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Pasture Rental Rates: Conditions That Affect Prices

By   /  February 23, 2015  /  1 Comment

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Here’s the final article in our series on how to figure Pasture Rental Rates.  If you’ve missed the first three, here they are:

How Much Should You Pay to Lease Pasture?
Pasture Rental Rates: Doing the Math Part 1
Pasture Rental and Use Rate: Animal Units and Profit Sharing

All pasture is not created equal. Some has better forage and some has more fertile soils.  Fences add to the value of a pasture as does other infrastructure. So, as you’re doing the math to help you figure out what a good pasture lease rate is, don’t forget to make a list of the pros and cons that may add to or subtract from the pasture’s value.  Here are some examples to consider:

Forage Species and Condition

A perfect pasture may be in the eye of the beholder, or in the education of the livestock grazing it. These educated cows are happily putting on weight in a very weedy pasture because Kathy taught them how to eat weeds. You can learn about teaching your livestock to eat weeds by clicking here.

A perfect pasture may be in the eye of the beholder, or in the education of the livestock grazing it. These educated cows are happily putting on weight in a very weedy pasture because Kathy taught them how to eat weeds. You can learn about teaching your livestock to eat weeds by clicking here.

Pluses

• Legumes in the pasture are better than just grass.
• Tame grasses are often better than native grasses.
• Weeds – if your cattle are educated and they eat weeds, a weedy pasture can be a bonus. Weeds are high in protein, are more digestible than grass, and often hold their nutritional value longer through the grazing season.

Minuses

• Plant diseases reduce forage quality and quantity.
• Some insects can reduce the quality and yield of pasture, cause hay harvest problems or  be a nuisance for your livestock.
• Weeds – if your cattle are uneducated, and they don’t eat weeds, there is less forage in you pasture.  (If weeds are impacting a pasture, you might consider leasing it at a lower rate, then spending the 8 hours over 7 days training your livestock to eat them. You’ll have more forage, at a good rate, and the landowner will appreciate the improvements your livestock make in the pasture over time.)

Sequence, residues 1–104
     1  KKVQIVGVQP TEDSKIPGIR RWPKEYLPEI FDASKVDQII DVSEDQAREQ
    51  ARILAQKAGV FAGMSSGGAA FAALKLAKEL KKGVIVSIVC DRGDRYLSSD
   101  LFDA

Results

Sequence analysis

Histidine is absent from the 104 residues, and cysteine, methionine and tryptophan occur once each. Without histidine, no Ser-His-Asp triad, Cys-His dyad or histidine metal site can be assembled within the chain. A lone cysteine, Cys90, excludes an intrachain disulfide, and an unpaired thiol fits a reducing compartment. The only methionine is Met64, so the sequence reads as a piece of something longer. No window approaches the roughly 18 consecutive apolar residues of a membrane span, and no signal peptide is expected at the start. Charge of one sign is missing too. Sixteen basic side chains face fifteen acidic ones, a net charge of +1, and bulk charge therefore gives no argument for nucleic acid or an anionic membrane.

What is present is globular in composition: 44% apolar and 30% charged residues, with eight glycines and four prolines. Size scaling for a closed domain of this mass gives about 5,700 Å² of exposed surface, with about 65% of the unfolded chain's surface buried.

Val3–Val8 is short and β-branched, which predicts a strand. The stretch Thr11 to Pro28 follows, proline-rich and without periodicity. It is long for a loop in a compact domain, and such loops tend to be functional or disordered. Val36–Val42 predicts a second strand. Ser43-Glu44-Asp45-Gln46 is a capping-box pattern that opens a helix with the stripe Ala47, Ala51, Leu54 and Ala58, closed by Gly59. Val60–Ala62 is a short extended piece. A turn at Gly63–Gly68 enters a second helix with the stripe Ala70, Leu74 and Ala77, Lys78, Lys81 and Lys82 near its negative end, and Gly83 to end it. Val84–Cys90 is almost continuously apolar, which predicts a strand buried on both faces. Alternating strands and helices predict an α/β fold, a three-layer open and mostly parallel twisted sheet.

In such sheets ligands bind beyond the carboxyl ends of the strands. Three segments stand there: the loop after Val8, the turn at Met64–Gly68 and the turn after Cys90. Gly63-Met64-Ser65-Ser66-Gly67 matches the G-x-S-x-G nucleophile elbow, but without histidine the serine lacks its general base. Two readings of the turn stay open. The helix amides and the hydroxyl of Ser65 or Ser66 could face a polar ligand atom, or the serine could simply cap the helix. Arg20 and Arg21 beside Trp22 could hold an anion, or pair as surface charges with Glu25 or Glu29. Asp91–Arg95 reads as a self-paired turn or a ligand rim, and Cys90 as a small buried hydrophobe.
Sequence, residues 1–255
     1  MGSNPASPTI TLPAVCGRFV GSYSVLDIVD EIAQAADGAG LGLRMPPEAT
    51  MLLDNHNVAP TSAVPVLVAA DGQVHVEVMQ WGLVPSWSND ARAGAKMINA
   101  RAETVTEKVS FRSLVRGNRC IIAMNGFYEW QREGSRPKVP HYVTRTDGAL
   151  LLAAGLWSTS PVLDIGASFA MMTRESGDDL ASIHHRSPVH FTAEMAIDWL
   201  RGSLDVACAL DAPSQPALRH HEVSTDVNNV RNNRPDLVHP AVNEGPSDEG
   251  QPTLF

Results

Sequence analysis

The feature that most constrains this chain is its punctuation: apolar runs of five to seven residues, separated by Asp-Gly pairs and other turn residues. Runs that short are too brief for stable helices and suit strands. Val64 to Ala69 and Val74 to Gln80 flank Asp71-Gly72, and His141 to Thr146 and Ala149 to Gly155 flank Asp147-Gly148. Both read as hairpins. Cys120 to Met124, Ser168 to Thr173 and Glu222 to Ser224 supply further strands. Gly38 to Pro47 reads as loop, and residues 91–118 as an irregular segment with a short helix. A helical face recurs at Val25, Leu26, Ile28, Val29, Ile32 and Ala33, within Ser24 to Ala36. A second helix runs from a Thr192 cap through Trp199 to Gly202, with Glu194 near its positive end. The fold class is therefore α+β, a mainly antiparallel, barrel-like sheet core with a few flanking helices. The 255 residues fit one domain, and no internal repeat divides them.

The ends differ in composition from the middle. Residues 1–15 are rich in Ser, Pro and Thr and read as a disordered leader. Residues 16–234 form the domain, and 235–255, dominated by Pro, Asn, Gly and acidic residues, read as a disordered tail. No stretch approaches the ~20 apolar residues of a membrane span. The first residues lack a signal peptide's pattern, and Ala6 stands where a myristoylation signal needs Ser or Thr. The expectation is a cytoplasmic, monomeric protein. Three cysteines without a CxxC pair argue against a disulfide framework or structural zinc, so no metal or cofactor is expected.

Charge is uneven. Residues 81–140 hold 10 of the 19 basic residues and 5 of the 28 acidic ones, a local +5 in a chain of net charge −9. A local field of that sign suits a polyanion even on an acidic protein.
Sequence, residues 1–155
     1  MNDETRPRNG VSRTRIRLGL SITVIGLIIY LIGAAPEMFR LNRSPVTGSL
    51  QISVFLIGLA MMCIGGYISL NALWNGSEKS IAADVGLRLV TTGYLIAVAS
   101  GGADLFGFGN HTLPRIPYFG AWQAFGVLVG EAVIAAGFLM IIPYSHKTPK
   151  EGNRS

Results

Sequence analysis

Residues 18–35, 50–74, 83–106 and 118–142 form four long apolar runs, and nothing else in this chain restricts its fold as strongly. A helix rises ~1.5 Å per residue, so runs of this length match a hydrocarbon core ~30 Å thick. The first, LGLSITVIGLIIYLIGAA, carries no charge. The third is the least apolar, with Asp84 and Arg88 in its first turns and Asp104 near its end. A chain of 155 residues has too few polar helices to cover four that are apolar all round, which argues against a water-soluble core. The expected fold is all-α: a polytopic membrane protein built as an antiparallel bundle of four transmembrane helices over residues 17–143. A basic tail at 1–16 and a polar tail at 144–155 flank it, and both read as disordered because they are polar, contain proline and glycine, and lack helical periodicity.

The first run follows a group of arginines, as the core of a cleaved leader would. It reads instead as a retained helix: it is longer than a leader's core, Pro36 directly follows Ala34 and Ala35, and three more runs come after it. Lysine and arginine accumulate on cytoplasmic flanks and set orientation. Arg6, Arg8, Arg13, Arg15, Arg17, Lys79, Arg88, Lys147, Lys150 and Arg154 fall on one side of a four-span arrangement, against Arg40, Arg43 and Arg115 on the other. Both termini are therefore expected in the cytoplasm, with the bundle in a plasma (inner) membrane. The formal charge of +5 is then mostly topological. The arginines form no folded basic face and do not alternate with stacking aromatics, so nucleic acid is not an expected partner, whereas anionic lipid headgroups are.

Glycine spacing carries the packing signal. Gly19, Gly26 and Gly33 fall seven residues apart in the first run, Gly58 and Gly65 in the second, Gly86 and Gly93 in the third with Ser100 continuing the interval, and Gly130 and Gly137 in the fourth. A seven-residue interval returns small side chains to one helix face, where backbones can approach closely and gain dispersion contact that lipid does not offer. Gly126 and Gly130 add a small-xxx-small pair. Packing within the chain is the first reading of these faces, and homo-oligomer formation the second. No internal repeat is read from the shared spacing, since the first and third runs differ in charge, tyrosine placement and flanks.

Soil Conditions

Pluses

• Fertile soils grow more, better forage and reduce outlays for fertilizer.

Minuses

• Check the pH on the pasture’s soil. If the soils are acidic, plant growth will suffer and you might even have to spread lime to solve the problem.

Fences, Water, Hills and Rocks

Where's the water?

Where’s the water?

Pluses

• Good quality fences with conveniently located gates and roads make pastures more valuable.
• Water, especially if it’s present in a way that makes your rotations through the pasture easier are also a bonus.

Minuses

• No fences, or fences in poor condition, will add to the labor and money you’ll need to invest to make the pasture useful to you.
• No water, intermittent water, or too much water in the form of flooding all lower the value of a pasture.
• Are their hills, rocks, or other natural parts of the pasture that will make management of your livestock more difficult? Figure that into what the pasture lease rate should be.

Last But Not Least

Consider how neighbors and their livestock and dogs might impact how you manage your livestock. The same goes for hunters, recreational users, and railroad. And as Meg Grzeskiewicz noted in her pasture leasing series the further the pasture is from you, the longer your travel, the less well that pasture may work for you.

So, do the math, adjust it with these things in mind, and you’ll have a great idea of where to start with a pasture lease rate.

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About the author

editor and contributor

Kathy worked with the Bureau of Land Management for 12 years before founding Livestock for Landscapes in 2004. Her twelve years at the agency allowed her to pursue her goal of helping communities find ways to live profitably AND sustainably in their environment. She has been researching and working with livestock as a land management tool for over a decade. When she's not helping farmers, ranchers and land managers on-site, she writes articles, and books, and edits videos to help others turn their livestock into landscape managers.

1 Comment

  1. Gene Schriefer says:

    The other major factor supply/demand equation or location, location, location. . .

    If there is a vibrant livestock/dairy industry demand for pasture and hence prices will be higher, and the pasture owner has more control over price. If there is not much for grazing animals (low demand), there are bargain opportunities for animal owners.

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